For this year’s International Women’s Day, we would like to delve into one of women’s greatest celebrations – cups! Menstrual cups to be exact.
For someone who has about 15 years of ‘period-experience’, I have come to learn about my body and the right period routine (yes, it’s a thing) to get me through that weeklong period. Icy-cold Coke or Pepsi with exactly 10 ice cubes is my customary pre-period drink, followed by an occasional cup of hot chocolate during my 1st or 2nd day of shedding.
Now, finding the right feminine sanitary product is equally important. If you are looking to buy a menstrual cup in Singapore or find out more about it, we are here to share!
There are over 20 menstrual cups in the market. While each serves the same purpose, it’s still important to find the perfect menstrual cup for yourself. The ‘Goldilocks Cup’, they call it.
There are many reasons why women use the menstrual cup, one of our very own at Spotted! even swears by it, saying she’ll “never go back to pads and tampons again”!
A menstrual cup when cleaned and used properly can last you for several years! Think about all the tampons and pads you’ll be saving. Plus, the money on these supplies as well.
You can wear the menstrual cup for 8-12 hours, depending on how heavy your menstrual flow is. We recommend nothing more than 5-8 hours if you can!
Menstrual cups can hold an about 20ml – 60ml of fluid. This doesn’t seem much but a woman releases an average of 30-50ml of blood during each period. In comparison, it holds about three times more fluid than a regular tampon.
You can swim and pretty much participate in any extreme sports or activities. Also, no more calculating and packing all the tampons or pads you’d need for travelling. Just one cup will do the job.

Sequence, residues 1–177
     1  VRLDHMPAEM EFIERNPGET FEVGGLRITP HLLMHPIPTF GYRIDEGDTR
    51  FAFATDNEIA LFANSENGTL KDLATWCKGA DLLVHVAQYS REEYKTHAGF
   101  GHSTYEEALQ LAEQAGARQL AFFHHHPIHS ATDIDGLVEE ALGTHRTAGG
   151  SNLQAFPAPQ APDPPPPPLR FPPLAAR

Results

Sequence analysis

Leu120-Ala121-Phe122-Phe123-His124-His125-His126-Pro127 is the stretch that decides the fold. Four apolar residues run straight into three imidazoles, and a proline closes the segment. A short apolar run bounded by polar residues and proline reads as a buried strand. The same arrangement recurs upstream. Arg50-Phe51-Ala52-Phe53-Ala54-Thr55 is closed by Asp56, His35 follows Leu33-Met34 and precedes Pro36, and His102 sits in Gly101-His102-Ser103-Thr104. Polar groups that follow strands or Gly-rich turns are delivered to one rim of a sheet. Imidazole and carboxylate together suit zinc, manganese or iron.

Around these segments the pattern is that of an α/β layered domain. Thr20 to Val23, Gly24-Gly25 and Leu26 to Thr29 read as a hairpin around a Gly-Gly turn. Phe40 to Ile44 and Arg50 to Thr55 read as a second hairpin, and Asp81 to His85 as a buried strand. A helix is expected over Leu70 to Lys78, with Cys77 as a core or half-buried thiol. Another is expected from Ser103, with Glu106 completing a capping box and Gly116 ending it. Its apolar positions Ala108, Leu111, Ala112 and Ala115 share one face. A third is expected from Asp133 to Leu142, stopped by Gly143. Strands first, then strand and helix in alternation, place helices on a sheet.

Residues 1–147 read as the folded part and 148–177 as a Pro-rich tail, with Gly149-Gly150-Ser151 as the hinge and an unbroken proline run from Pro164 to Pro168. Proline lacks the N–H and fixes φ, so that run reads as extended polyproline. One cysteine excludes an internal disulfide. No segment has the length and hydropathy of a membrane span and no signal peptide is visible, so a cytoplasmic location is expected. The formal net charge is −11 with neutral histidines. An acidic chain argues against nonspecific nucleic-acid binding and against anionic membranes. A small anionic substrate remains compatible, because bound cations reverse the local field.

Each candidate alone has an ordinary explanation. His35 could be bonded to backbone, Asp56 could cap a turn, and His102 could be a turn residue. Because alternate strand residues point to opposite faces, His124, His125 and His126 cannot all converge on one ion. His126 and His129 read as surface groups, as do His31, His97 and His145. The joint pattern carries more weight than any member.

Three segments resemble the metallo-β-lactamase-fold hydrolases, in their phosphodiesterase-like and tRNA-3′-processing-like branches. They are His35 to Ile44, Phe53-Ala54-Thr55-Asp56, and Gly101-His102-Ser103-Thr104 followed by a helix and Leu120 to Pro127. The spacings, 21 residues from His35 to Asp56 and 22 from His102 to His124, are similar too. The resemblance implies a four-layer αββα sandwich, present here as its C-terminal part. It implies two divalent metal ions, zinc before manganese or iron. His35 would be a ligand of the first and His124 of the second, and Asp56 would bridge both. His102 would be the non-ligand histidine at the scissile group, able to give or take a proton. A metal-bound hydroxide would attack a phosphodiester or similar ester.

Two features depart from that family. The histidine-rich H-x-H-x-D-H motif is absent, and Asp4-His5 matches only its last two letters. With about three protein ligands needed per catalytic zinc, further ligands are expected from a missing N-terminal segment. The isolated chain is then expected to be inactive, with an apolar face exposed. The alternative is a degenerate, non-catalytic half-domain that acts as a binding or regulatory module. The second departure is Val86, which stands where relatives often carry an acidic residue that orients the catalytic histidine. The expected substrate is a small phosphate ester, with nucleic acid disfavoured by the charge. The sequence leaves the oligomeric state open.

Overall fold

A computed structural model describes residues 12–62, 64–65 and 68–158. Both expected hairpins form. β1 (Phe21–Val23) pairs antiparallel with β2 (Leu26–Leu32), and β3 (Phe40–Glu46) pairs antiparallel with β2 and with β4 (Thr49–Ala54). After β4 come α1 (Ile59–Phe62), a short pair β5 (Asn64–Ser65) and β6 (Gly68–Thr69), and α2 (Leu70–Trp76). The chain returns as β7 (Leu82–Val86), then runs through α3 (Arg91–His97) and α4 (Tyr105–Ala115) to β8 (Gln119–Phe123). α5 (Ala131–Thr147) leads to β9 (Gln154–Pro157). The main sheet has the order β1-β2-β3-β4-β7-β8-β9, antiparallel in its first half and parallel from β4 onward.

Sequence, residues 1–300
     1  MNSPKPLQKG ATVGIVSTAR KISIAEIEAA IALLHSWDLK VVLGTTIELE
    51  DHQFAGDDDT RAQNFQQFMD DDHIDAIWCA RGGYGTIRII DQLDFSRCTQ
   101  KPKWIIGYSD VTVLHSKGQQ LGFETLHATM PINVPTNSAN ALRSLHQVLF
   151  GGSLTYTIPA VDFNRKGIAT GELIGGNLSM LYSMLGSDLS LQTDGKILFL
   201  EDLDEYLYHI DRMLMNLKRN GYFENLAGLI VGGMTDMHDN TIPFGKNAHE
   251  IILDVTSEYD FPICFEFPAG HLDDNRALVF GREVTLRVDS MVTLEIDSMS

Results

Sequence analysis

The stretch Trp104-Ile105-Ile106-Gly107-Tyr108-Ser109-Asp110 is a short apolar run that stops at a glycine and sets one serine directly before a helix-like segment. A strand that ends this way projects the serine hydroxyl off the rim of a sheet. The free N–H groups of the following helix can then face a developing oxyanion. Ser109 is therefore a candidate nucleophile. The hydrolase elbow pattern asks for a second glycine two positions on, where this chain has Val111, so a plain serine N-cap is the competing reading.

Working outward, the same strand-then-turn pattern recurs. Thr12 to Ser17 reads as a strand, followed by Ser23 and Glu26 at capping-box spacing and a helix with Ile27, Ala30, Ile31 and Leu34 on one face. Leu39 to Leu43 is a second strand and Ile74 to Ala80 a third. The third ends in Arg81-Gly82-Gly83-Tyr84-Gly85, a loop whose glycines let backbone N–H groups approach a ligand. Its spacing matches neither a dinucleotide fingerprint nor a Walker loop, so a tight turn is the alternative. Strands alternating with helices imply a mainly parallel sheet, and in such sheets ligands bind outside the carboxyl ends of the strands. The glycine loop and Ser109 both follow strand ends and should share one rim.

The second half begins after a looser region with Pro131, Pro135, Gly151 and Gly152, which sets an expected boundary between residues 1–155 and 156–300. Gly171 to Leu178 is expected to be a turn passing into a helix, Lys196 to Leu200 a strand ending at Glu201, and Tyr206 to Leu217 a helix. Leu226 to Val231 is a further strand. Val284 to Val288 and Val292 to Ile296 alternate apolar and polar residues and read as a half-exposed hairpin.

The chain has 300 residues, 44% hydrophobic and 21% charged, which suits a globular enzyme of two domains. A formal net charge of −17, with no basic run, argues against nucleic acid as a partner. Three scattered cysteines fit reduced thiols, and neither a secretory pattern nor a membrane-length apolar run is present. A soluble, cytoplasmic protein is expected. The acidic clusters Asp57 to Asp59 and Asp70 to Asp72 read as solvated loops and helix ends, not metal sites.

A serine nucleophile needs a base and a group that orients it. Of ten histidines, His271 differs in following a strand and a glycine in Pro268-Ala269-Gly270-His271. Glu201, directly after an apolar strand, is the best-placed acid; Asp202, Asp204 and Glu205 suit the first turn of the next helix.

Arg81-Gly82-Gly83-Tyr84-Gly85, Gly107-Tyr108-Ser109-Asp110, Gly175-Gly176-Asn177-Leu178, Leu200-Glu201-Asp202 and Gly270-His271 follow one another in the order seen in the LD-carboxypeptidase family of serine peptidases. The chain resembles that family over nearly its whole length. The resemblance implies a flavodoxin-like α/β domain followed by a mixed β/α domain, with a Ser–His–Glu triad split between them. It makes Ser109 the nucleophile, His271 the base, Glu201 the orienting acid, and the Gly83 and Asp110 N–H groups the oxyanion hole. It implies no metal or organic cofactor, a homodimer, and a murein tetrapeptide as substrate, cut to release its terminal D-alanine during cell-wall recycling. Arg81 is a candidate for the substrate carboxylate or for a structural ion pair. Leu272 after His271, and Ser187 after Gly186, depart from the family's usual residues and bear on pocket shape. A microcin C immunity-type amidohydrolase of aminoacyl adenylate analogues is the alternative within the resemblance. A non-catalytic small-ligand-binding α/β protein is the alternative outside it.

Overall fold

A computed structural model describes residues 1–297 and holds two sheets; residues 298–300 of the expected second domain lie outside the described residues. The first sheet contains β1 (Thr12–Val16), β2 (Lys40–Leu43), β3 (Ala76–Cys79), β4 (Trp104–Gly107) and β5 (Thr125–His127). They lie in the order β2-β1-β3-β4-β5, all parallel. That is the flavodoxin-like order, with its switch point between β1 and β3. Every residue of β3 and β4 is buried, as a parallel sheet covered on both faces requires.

Menstrual cups can be rather hard to insert and remove, and thus it may get a little bloody and messy, if you get what we mean. Tip is to Get. Over. It.
Unlike pads and maybe tampons, using the menstrual cup is not as straightforward as the other two. It all takes time getting used to, so don’t give up if you can’t achieve the perfect fit your first try. Be prepared to take up about 3-4 period cycles to get the groove of it.
You may not find your Goldilocks cup on your first buy. For many reasons, the cup may not suit you – size, fit, length, stem, shape, etc. Get another cup if you need to.
We tried 6 different menstrual cups and here’s our review on them!
Psst: Local company The Period Co. sells different types of menstrual products including reusable cloth pads, period underwear and of course, menstrual cups.
What: Made in California from US medical-grade silicone, the Lena is touted as a great starter cup.
Size(s): It comes in 2 sizes: small and large, suitable for people with a normal flow or a heavy flow respectively.
What We Think: We tried it on a first-timer, and her feedback was how easy it was to put it in and out at ease. Shaped like a tulip, there was no leakage for the whole workday on a medium flow.
The Lena is priced at $54.90.
What: The Lunette received the prestigious Key Flag Emblem for high quality products in its home country. Made in Finland from medical-grade silicone, the cup is hypoallergenic and safe for long-term use.